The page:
The opinion of the court was delivered by: Terrence F. McVerry United States District Court Judge
Presently before the Court is DEFENDANTS' MOTION FOR CLARIFICATION AND RECONSIDERATION (Document No. 321). Plaintiff*fn1 filed separate responses to the request for clarification (Document No. 324) and the request for reconsideration (Document No. 323). In light of the impending trial date, this Memorandum Order will not be lengthy.
Defendants' motion has two prongs: (1) it seeks clarification that the Court has made no findings of fact in its recent orders; and (2) it seeks reconsideration of the Court's ruling on May 5, 2009 that "Defendants may not challenge [Dominick] Salvatore's status as a derivative plaintiff, as it has been conclusively determined." The Court will address each issue seriatim.
Defendants seek to confirm and/or clarify that the Court made no factual findings in its April 30, 2009 Memorandum Order, which resolved numerous motions in limine. In resolving the various motions in limine, the Court made evidentiary rulings requested by Plaintiffs regarding the validity of certain defenses based on undisputed facts, as developed through the extensive summary judgment filings. For example, the Court held that the "business judgment rule" ("BJR") defense does not apply outside the corporation context and is not applicable when the alleged transactions involve self-dealing. As to the self-dealing rationale, the Court quoted the case relied upon by Defendants, Cuker v. Mikalauskas, 692 A.2d 1042, 1046 (Pa. 1997), for the proposition that the BJR applies only to "business decisions made in circumstances free from serious conflicts of interest." Defendants failed to rebut the legal argument regarding this limitation on the BJR defense. It is undisputed that AMD is a limited partnership (as opposed to a corporation) and Plaintiff alleges that Defendants engaged in self-dealing transactions. Thus, the BJR defense is not applicable. Similarly, the Court ruled that Defendants could not, as a matter of law, advance a "reliance on advice of counsel" defense based on legal advice allegedly provided by Gerald Weaver, as it is undisputed that Gerald Weaver was not an independent, disinterested outside lawyer. The Court further ruled that legal advice would not justify the breach of the unambiguous loan prohibition. These rulings did not involve fact-finding by the Court.
Plaintiff cites to various admissions made by Defendants, and now contends that Defendants should not be able to put on evidence of their judgment or wisdom. This goes too far. Defense counsel correctly recites portions of the Court's prior orders and the May 22, 2007 Report and Recommendation of the Magistrate Judge ("R&R"), which specifically identify factual issues that are "properly within the purview of the fact-finder" such as the loyalty, care, beliefs as to materiality and relevance of information, honesty, good faith and intent of the various actors. The Court reiterates that such questions remain for the jury.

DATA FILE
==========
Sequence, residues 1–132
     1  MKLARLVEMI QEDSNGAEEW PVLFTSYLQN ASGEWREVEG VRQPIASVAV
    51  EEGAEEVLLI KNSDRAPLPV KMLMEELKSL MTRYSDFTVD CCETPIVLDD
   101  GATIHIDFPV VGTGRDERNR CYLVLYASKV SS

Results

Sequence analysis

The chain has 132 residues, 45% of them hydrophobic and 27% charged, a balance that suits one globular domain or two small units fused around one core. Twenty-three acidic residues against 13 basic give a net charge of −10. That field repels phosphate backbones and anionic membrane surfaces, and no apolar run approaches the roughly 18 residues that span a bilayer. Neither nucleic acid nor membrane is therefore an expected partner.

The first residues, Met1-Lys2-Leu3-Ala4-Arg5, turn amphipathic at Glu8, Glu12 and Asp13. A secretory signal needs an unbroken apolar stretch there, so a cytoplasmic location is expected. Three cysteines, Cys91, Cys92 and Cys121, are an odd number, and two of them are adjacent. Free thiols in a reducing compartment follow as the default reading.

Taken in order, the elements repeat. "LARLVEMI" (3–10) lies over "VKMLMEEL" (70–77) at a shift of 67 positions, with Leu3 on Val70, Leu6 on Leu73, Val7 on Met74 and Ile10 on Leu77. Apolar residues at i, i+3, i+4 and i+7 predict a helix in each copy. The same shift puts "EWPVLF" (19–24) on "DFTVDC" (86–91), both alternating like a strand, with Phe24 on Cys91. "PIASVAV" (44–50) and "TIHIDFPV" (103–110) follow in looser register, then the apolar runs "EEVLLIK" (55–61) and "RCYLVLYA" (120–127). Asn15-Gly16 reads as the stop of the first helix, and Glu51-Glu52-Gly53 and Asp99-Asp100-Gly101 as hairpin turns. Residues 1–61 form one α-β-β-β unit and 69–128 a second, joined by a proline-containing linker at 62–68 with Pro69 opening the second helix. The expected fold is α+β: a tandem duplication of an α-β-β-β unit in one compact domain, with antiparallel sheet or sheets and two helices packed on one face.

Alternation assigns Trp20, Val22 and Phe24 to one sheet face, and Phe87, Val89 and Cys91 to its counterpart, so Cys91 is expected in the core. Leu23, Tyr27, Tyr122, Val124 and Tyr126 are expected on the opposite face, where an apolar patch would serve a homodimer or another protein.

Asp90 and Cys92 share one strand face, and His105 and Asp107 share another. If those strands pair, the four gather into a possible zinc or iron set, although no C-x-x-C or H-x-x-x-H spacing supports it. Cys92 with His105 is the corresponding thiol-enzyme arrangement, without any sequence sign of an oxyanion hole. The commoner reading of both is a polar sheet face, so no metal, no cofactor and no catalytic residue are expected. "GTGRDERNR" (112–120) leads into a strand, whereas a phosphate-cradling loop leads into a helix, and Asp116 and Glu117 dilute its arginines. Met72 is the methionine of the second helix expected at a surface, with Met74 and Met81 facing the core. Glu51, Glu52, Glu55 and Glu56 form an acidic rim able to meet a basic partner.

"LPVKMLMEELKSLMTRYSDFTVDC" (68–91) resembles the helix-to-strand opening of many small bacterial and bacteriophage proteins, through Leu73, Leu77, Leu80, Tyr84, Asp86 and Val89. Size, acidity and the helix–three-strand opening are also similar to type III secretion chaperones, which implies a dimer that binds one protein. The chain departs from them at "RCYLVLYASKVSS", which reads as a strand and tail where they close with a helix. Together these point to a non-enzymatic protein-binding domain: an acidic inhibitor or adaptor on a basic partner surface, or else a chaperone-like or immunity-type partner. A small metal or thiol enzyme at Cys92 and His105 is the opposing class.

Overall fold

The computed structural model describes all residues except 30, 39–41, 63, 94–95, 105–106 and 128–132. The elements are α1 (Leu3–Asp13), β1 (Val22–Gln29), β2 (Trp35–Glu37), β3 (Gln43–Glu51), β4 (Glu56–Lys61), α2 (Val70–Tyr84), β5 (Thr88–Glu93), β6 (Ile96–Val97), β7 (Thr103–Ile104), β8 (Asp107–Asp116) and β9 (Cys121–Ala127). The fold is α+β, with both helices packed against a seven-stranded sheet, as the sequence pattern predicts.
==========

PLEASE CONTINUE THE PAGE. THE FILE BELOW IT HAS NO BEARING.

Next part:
Defendants contend that the statement in the R&R that Domenick Salvatore's status as a derivative plaintiff "is not open to dispute" is classic obiter dicta. In essence, Defendants argue that Salvatore's status as a derivative plaintiff remains at issue. The Court cannot agree.
As Plaintiff points out, the Court has determined that Salvatore is an adequate representative of AMD on numerous prior occasions. Defendants' motion to dismiss on that basis was denied in 2003. Moreover, contrary to Defendants' interpretation, Salvatore's ability to proceed as a derivative plaintiff was directly at issue in the May 22, 2007 R&R. The Magistrate Judge determined, after extensive analysis, that Plaintiffs' claims were derivative as opposed to individual. The Magistrate Judge rejected Defendants' challenge to Salvatore's ability to serve as a derivative plaintiff due to his failure to include the Estate of Gerald Weaver as a Defendant. Finally, the Magistrate Judge denied Defendants' challenges to Angela Weaver's standing as a derivative plaintiff and/or time bar as moot in light of Salvatore's ability to serve as the derivative plaintiff. See, e.g., R&R at 1-2 ("this Report concludes that all claims pending before the Court are derivative in nature and may proceed as properly brought by Plaintiff Salvatore."); R&R at 8 n.14 (no need to stay case pending Pennsylvania court resolution of Estate because there is "no question of Plaintiff Salvatore's standing to maintain his claims"); R&R at 9 (rejecting Defendants' contention that Salvatore's failure to name the Estate reflected "an antagonistic interest and insurmountable conflict" and noting, inter alia, that acquiescence of other partners was not requisite to Salvatore's standing); R&R at 22-31 (lengthy discussion of the "Derivative Nature of the RICO Claims"); R&R at 27 (recognizing that Court had denied a motion to dismiss Plaintiffs' individual claims but concluding that "Plaintiff's individual claim cannot now survive summary judgment"). See also Memorandum Order dated April 30, 2009 ("The Court has already determined that the issue of Mrs. Weaver's standing as a derivative plaintiff is moot because the claims may proceed as properly brought by Plaintiff Salvatore.")
It is undisputed that Salvatore is a limited partner of AMD. Michigan law permits limited partners to pursue derivative claims on behalf of the limited partnership. Mich. Comp. Laws §§ 449.2001, 2002; R&R at 22 and n. 37; Fed. R. Civ. P. 23.1(a). Defendants may not challenge Salvatore's status as a derivative plaintiff. The Court adheres to this conclusion.
Accordingly, DEFENDANTS' MOTION FOR CLARIFICATION AND RECONSIDERATION (Document No. 321) is GRANTED IN PART as to clarification AND DENIED IN PART as to reconsideration.
SO ORDERED this 8th day of ...